Saturday, November 21, 2009

RIP Ken Ober

By Rick Morris

I'm dating myself horribly by mentioning this, but MTV's REMOTE CONTROL used to be playing all the time back in the dorms at Ohio University. It was a revolutionary show, the first game show to really embrace the irony in that genre and not take itself so seriously. It was also the first non-musical program on MTV, thus setting the stage for its present-day descent into no music and all-crap programming (but we won't blame the show for that!).

Great talents like Adam Sandler, Colin Quinn and Denis Leary got their first big breaks on the show. But it was built largely around the talents of comic Ken Ober, whose sarcastic-yet-smooth style made the show what it was, even more than the creative MTV gadgets that populated so much of the set.

Ober was just so great in that role on a show that really never got a chance to overstay its welcome, remaining forever attached to our memories of the end of the 1980s. He was so talented that many people almost took him for granted because he made it look so easy. I know that when I examine the people who helped shape my persona and approach for our FDH LOUNGE program that I've tended to overlook him myself (generally citing Tony Bruno, Steve Czaban and Glenn Beck -- when his show was goofier and less political), but I can see now how much I absorbed from him. I can't imagine how many other broadcasters of my generation can say the same.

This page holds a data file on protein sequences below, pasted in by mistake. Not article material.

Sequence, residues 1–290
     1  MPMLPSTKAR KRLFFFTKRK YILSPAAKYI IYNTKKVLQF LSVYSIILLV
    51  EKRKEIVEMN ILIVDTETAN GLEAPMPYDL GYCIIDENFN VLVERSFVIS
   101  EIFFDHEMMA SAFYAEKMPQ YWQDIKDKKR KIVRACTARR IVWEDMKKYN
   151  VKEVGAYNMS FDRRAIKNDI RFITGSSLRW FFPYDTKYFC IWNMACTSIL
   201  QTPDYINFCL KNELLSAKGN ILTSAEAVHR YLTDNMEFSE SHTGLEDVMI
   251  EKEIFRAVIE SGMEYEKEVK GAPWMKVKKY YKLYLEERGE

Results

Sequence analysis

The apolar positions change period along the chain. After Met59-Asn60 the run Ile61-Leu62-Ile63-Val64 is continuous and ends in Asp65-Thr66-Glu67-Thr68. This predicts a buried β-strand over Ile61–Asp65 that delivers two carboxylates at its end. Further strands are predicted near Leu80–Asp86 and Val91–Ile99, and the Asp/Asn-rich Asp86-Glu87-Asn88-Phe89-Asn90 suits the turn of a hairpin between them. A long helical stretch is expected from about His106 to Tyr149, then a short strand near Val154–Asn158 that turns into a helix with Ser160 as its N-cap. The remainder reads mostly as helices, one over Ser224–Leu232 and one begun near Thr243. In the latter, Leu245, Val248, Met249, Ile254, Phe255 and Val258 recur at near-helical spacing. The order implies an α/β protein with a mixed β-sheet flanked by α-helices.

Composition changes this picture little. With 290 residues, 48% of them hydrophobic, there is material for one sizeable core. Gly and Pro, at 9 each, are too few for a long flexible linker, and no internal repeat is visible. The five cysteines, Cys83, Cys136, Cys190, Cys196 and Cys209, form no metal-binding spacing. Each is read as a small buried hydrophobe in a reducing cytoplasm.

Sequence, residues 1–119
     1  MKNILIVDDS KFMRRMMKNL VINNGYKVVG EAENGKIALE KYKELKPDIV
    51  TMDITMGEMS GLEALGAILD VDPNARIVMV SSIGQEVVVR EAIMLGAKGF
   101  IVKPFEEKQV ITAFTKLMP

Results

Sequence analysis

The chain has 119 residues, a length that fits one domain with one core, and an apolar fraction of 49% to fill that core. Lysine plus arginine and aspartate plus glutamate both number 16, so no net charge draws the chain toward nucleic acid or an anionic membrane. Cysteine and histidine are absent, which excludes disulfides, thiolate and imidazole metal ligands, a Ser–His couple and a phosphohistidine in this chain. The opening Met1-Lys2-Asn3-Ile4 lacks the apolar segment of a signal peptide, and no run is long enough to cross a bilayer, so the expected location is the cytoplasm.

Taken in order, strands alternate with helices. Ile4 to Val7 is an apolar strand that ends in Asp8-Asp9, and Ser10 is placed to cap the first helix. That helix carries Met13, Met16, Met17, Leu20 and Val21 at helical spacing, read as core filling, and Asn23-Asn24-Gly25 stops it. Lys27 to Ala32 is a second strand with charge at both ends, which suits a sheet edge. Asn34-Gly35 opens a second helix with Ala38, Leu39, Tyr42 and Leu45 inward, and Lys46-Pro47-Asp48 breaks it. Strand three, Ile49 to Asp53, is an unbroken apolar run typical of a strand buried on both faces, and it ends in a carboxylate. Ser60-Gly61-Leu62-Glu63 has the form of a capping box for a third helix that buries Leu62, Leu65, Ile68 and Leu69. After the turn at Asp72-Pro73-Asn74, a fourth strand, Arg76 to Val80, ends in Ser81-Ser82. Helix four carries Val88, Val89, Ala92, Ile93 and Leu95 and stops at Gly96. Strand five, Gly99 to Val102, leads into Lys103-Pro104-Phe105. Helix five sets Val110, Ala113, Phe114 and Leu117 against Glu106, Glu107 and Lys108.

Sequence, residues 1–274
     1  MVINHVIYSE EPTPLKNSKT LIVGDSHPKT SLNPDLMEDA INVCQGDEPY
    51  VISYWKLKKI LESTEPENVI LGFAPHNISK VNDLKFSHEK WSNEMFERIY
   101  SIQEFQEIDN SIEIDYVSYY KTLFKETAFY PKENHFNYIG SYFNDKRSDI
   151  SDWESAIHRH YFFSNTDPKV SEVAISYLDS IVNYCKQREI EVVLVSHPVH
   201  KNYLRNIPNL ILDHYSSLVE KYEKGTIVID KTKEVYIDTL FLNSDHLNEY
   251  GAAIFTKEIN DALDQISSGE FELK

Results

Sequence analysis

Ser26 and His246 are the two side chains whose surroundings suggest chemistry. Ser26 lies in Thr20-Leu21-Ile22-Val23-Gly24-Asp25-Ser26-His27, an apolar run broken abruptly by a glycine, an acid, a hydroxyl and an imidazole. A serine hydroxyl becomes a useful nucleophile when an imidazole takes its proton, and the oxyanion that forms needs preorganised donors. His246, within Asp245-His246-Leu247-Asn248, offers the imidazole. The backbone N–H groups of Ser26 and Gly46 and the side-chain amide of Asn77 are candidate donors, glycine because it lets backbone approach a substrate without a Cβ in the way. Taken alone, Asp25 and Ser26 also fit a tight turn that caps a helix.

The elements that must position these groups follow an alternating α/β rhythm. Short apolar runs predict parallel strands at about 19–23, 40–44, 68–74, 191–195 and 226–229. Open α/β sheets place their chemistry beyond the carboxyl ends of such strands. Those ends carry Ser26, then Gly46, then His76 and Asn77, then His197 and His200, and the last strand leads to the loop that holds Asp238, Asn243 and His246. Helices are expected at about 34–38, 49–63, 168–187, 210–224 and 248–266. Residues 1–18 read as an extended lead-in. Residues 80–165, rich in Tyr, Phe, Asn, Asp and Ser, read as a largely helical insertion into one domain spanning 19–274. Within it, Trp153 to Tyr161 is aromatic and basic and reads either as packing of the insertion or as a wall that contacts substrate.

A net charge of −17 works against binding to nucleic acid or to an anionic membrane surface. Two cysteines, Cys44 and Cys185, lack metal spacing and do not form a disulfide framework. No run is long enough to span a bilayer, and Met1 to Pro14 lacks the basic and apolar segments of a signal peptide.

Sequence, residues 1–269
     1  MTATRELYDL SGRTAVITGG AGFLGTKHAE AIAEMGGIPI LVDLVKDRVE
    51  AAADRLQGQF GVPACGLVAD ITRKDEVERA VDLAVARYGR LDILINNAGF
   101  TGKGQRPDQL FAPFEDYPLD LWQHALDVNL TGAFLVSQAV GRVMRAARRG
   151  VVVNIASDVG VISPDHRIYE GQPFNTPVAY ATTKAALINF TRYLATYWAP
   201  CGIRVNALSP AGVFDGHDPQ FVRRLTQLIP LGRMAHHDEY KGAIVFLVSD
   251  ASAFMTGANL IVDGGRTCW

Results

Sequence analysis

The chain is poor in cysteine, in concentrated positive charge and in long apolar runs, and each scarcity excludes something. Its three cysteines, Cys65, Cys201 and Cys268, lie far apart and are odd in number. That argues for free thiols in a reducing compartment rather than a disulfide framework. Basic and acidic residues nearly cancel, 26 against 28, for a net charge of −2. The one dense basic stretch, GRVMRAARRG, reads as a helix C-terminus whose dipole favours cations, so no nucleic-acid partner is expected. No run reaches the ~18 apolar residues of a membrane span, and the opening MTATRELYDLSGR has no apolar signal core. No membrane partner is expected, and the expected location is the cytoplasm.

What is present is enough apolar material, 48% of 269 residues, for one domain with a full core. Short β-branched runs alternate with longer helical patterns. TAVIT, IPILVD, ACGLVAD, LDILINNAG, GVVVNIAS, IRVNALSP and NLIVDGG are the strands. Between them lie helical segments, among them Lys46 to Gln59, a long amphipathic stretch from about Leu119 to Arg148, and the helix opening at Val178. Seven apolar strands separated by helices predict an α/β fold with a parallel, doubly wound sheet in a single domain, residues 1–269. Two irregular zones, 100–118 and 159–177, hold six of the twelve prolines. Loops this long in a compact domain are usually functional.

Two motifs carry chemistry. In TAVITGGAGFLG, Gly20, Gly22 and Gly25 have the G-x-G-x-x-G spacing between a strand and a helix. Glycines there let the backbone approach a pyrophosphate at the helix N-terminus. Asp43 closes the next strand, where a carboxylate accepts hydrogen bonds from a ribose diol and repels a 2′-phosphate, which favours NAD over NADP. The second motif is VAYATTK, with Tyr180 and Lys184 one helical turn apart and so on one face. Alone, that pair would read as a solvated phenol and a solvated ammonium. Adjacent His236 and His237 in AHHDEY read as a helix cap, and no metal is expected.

It's tremendously sad that he passed away suddenly this week at age 52, with natural causes being strongly suspected. It is at least comforting to read that he had to know how respected he was based on the outpouring of people who did apparently have the opportunity to tell him that.

In the realm of giving credit where credit is due, we at FDH salute Matt Berry for an eloquent piece about what Ken Ober meant to him. We disagree with Berry's fantasy advice from time to time, particularly when we feel that it crosses over into advocating overmanaging, but he hit a bulls-eye with this tribute and it backs up what I said about how Ober influenced the broadcast style of our generation.

Ken's colleague at MTV Kurt Loder wrote a wonderful piece about his friend and co-worker.

And also, just to make this piece concrete and demonstrate just how easy Ken Ober made his job look, here's a clip from the first-ever edition of the show on MTV back on December 7, 1987. Take a trip back 22 years and relive the fun of that great program. There was only one REMOTE CONTROL and there will only ever be one Ken Ober. RIP to a true great and, from what his friends say, a truly nice man off the air.

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